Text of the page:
He Moved Thro' the Fair
Ireland in the Mist of Time
The hulking brute gasped once and tumbled into the inky depths.
The golden man stared from the rippling water to the blood-drenched sword clutched in his fist.
The blade had sliced clean.
His tormenter was dead.
His heart pounded a suffocating rhythm, the smell of fresh blood choking him. His ears sang, momentarily drowning out birdsong and lake water and the incessant buzzing of the bees. His breath jerked in his throat, cold trembling assailed his limbs. His head swam, and he swayed and almost fell.
He squeezed his eyes shut, willing himself to remain upright. Think! The Beast was alone…never mind why…seize yer chance. Make yer escape!
Disoriented, he glanced around frantically, fighting for breath. A boat. He had to have come in a boat—the crannóg was in the middle of the lake. He’d heard the vessel bump against the dwelling when the Beast had arrived.
Sacred Nature, could he finally escape?
A sob burst from his lungs as desperate exhilaration thrummed through his veins. Could he do it? Was he strong enough? He’d defeated the beast only because he’d taken him by surprise, distracted him, seizing his sword and slashing his throat.
The sword with his golden hilt.
But for the last three years—by all the gods of Nature, has it really been that long? A grim glance at the row of notches he’d scratched on the wall confirmed it—he’d lived on the brink of starvation, denied nourishment if he dared to defy his captors, driven by the lash.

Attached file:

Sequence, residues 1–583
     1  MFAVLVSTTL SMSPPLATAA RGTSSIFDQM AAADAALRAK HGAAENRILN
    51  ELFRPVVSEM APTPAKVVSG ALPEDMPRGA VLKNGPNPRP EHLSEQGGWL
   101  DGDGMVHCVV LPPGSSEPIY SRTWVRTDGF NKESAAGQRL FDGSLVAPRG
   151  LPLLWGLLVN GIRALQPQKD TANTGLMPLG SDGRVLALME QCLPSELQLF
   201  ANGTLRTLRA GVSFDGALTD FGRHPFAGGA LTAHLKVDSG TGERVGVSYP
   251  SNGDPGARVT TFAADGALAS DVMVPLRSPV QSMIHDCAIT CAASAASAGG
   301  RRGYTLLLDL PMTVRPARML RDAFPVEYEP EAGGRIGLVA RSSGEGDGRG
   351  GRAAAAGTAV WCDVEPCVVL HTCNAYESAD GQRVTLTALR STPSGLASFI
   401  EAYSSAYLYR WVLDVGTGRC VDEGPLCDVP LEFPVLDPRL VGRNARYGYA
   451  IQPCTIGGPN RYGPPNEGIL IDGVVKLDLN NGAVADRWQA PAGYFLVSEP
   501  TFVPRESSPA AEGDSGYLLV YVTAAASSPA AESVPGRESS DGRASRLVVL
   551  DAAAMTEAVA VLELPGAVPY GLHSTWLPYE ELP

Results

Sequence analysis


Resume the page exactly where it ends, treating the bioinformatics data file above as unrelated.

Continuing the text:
Could his body sustain the effort of rowing to shore? Of running for the very life of him—where? He’d no idea where he was. Could he forage for food until he reached home?
He clenched his teeth until his jaw threatened to snap. Get away. Seize the chance. Even if I wander forever lost, even if I starve to death and me bones turn white beneath the summer sun, ‘tis better than bein’ a slave.
He gazed down at the sword still clutched in his hand. Its solid gold hilt—the hilt he’d created—glittered up at him. Determination swelled his heart, and his trembling ceased. With a grimace of distaste, he wiped the sword on his tattered breeches, swallowing the bile lodged in his throat.
For the first time in three years, he stepped into the light.